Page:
There are parts of the world where internet cafes are busy churning out scam emails promising untold riches to the gullible person on the receiving end of an irresistible offer.
As we all know, people are not who they seem on the internet, so keep your personal data secret and don't reply because then they know your email address is active and you're likely to be targeted by more fraudsters.
The 419 email Originating largely from Nigeria, The Ivory Coast (Cote d'Ivoire), South Africa, Angola, Zimbabwe and Malaysia, they beg the recipient for help to transfer millions of dollars into a foreign bank account, on the promise of a large share of a non-existent fortune which has been languishing in a foreign bank account for years.
They're called 419 scams by the international community as the fraud is mentioned in section 419 of the Nigerian Criminal Code.
Bullying UK gets a dozen of these emails a day. Some of the senders cheerfully confess to corruption as the way they came by their ill-gotten gains. On one day alone our 'inheritance' totted-up to £25,000,000!!!
The common theme is:
- The untimely and unfortunate death of the money's owner, often in a plane crash, by murder or in a land dispute
- The donor is suffering from a fatal illness
- The donor is someone with a conscience working for a bank, or is a relative of a government minister, a civil servant or a barrister
- You are the only person they trust
- You must keep the transaction secret
- The sender wants your bank account details
- The transaction is 100% risk free
These emails often contain detailed accounts of the sender's address and phone number and add that the person is employed by a large corporation in a bid to gain credibility. Often they have British sounding names.
In other cases the person needing your help is the wife of a murdered government minister, a prince, a chief or the son of a military figure. Alternatively they may be a barrister or a doctor. They usually have access to cash which they want to transfer abroad and they ask you to be their 'next-of-kin'.
If you're interested in the deal with these new-found and generous adopting relatives, you may be asked to provide bank account details, letterheads and invoices. They insist that you hurry to take advantage of these dubious offers.
The idea is that the money is put through your account and then you get a large percentage of the proceeds.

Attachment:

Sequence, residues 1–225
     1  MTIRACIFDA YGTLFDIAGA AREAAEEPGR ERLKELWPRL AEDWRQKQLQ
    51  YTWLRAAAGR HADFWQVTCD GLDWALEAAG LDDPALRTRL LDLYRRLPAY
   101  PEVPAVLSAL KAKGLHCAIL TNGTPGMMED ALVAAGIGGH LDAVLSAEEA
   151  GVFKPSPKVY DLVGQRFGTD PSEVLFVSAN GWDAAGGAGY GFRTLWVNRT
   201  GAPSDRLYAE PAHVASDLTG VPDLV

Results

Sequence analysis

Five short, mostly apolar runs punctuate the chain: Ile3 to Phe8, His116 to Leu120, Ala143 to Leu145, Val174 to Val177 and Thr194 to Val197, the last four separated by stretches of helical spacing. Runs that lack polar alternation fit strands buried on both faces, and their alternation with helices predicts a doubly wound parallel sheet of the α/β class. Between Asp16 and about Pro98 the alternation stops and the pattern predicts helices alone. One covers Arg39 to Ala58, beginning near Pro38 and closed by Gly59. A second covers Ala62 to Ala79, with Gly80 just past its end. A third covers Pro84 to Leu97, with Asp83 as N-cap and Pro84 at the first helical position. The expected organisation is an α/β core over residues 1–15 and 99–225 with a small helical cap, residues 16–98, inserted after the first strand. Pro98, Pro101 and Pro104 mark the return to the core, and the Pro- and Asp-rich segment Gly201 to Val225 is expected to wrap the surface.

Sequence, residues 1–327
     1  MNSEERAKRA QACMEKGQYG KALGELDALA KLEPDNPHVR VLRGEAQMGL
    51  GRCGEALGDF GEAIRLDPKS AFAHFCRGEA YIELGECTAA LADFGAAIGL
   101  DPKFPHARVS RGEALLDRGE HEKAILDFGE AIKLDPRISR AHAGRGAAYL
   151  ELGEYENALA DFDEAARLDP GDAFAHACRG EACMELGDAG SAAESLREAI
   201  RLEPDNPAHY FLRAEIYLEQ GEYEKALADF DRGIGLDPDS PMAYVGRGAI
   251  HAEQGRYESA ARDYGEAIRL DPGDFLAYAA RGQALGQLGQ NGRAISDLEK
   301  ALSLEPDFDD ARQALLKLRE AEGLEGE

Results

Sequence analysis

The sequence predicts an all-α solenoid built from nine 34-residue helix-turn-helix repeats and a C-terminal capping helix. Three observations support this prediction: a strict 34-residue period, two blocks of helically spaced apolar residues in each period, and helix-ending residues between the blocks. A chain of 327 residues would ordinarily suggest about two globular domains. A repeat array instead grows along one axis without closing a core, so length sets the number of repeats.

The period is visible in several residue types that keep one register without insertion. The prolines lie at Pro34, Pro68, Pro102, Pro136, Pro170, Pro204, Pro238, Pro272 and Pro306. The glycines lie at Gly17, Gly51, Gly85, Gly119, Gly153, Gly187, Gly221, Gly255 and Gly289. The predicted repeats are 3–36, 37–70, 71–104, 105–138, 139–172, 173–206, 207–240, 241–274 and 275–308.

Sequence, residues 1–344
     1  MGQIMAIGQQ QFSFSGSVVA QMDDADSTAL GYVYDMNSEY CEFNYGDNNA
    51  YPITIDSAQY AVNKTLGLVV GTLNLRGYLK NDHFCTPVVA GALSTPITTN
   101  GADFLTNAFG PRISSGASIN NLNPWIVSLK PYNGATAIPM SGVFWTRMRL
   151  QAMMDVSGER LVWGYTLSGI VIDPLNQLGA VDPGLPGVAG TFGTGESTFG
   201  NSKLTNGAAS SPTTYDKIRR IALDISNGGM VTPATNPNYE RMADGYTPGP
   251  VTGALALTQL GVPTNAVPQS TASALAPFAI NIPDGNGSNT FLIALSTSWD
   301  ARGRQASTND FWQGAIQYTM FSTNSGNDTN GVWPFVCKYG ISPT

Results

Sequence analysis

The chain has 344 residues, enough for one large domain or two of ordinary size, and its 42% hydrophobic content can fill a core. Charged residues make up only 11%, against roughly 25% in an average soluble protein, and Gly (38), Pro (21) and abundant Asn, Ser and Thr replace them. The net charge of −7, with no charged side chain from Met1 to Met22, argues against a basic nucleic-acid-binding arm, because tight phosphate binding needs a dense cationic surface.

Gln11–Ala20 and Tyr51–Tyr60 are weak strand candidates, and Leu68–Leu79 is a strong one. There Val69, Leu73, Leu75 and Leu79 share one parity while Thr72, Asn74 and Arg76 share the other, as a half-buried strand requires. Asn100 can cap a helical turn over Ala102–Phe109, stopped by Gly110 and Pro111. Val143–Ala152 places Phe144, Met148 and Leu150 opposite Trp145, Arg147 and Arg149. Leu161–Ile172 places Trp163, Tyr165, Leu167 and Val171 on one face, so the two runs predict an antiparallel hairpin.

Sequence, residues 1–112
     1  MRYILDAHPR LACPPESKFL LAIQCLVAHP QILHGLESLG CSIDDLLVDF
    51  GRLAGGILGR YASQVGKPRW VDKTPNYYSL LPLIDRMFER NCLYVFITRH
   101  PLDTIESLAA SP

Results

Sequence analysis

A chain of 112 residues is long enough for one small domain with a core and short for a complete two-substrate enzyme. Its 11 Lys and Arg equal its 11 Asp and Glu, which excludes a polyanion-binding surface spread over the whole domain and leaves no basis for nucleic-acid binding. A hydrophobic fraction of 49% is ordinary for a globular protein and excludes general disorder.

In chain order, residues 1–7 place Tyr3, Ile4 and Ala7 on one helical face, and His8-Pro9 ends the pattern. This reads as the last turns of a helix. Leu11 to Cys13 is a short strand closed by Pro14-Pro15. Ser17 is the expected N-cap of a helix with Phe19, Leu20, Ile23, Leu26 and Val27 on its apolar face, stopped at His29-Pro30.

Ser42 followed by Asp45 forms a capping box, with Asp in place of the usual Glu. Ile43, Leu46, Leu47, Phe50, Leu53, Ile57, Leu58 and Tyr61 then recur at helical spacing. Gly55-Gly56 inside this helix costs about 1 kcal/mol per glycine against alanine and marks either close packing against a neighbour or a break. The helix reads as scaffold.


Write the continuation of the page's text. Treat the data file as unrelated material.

Of course it has to be secret and the scamsters rely on greed to complete their dodgy deal. You're not going to tell anyone about something you think may be not quite on the right side of the law.
There's nearly always a sob story involved, apart from the unfortunate demise in a plane crash, torture and murder, other email hopefuls have had their land stolen or other reversals of fortune.
Religion also plays a part. Multiple blessings are promised to those foolish enough to go along with the scam.
How it works
Before the transaction can go ahead you are likely to be asked for money to cover various fees - and then for more money to cover unforeseen difficulties.
The reality is that if you part with your bank details your account will be emptied of money.
The senders of these emails use anonymous addresses like hotmail.com, yahoo.com and others. It isn't unusual to have similar emails in the names of different people as the scamsters forget who they are supposed to be.
It's difficult to know how many people have been taken in by these scams, embarrassment may prevent them being reported to the authorities.
Where to report the scamIn the UK, the National Criminal Intelligence Service (NCIS)has taken action on these fraudsters and they are well known to council trading standards officers who issue regular warnings. Many police forces also have warnings about them. The Metropolitan Police have a particularly good account of how they work. www.met.police.uk/fraudalert/419.htm .
The NCIS say that if you receive one of these scam emails, print it out including the header and take it to your local police station, marked for the attention of the Fraud Squad. If you've lost money on the fraud contact the West African Organised Crime Section on 0207 238 8012.
The best claim we have seen with one of these scams is the assurance: "Honesty is the watchword in this transaction".
If you fall for one of these scams you'll be a loser, not a winner.
Often originating in Spain or Holland, these tell you that you've won a lottery you haven't even entered!. Bullying UK trustees have even received one from Liverpool using a genuine National Lottery logo!
The idea is either to get you to pay some fees up front (which you'll never see again) or for you to ring an expensive phone line where you have to listen to a long message, costing you pounds.
The prize doesn't exist and as with all these scams, if it sounds too good to be true then it is.
Hard luck stories
These pretend to come from parents in Russia or the US who need money to put food on the table or to heat their homes. Sometimes they come from 'students' who need funds to complete their studies.
The aim is the same as other scams, to extract money from kind people who believe they are genuine.
World tragedies like famines, war and tsunamis can also prompt a spate of bogus emails so if you ever receive one saying it's from a charity look the charity up on the Charity Commission website and check that they are doing an appeal and that the donation details are the same as those on the website. Better still, donate to someone like the Red Cross or Oxfam so that you know your money is going to a genuine cause.